Some selected definitions of the surprisingly multifaceted word find: (v. tr.) 1. To come upon, often by accident; meet with. 2. To perceive (oneself) to be in a specific place or condition 3. To recover the use of; regain. (n.) Something that is found, especially an unexpectedly valuable discovery.
Perhaps the last is the most intended implication of the word for the purpose of Found magazine (FoundMagazine.com) and the only rule for the inclusion of items. But the other definitions seem to fit the more subtle, loose narrative that can be gleaned from the tidbits picked up off the ground, and which make up Found’s volumes.
Several years ago, Davy Rothbart—creator of Found magazine and the books that would follow—never imagined that so many readers would share his fascination with the strange and juicy scribblings found littered on city streets. After being inspired by a note left on his car by a miffed girlfriend who clearly had the wrong vehicle, Rothbart and his cohorts began pooling their finds with others who had long been intrigued by misdirected and forgotten messages. It snowballed from there.
Several issues and books later, Rothbart continues to be surprised by the overwhelming response to his once-personal obsession. “We are lucky to receive so much stuff,” he says. “It’s fun to open mail.”
What will you find in Found? Anything you can imagine and a lot of stuff you can’t. That’s the best part. The contents read like a laundry list of life’s residue: grocery lists, stubs, love notes, hate notes, drawings, dangling sentiments, pictures, mantras, worksheets, suicide notes, propositions—all indicative of a strikingly similar existence we share.
For Rothbart, who approaches the project with a curious exuberance akin to that of Bill and Ted in their excellent adventure attempting to piece history together, the most attractive part about a find is something that hints at a narrative, a fragment of a story. You don’t know whether it was the recipient or the writer who discarded it, or what the subsequent result was. Another aspect that is particularly poignant is the element of surprise and the complicated emotions that underlie many of the handwritten scraps. You rarely experience just one emotion at a time, he says, and often they can be contradictory.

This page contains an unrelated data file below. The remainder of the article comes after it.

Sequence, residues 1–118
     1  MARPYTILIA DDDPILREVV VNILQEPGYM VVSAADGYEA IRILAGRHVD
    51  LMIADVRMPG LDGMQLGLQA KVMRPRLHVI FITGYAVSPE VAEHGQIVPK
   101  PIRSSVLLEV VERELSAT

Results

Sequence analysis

This is where it seems the mass appeal comes in. It’s more than just the guilty pleasures of voyeurism, though the notes do represent snippets of someone else’s life never intended for an outside viewer. But the nature of these castaway fragments of paper is raw and intimate—something that strangers interacting in everyday life don’t usually make accessible. The finds reveal bits and pieces of human existence very candidly—hilarious, beautiful, tragic and perverse all at once. After all, Rothbart says, “truth is so much stranger than fiction.”
Even the way many of them are scrawled violently (parking gripes are among my favorites), desperately drawn out or lovingly scripted is subconsciously expressive, and they paint a picture of what the author may have been experiencing at a specific moment in time. The anonymity coupled with the intensity ups the intrigue and fuels readers’ imaginations.
This is where the Found tour breathes life back into the recovered notes and letters. At the Salt Lake City Main Library—just one stop on a 65-city nationwide tour—Rothbart will perform what he calls a “rowdy read” of some of his favorite finds, while his brother Peter even sets some to music, to mimic their attitude. These items that otherwise would’ve met their demise in a Dumpster or puddle (although that doesn’t always hinder their retrieval) are revitalized and have a chance to be heard once again. And it is entertaining—it’s easy to get lost in a copy of Found. No one can resist peeping into the life of another, especially when it strikes a chord.
FOUND MAGAZINE TOUR with Davy & Peter Rothbart @ Main Library, 210 E. 400 South, Tuesday Oct. 16, 7 p.m. cw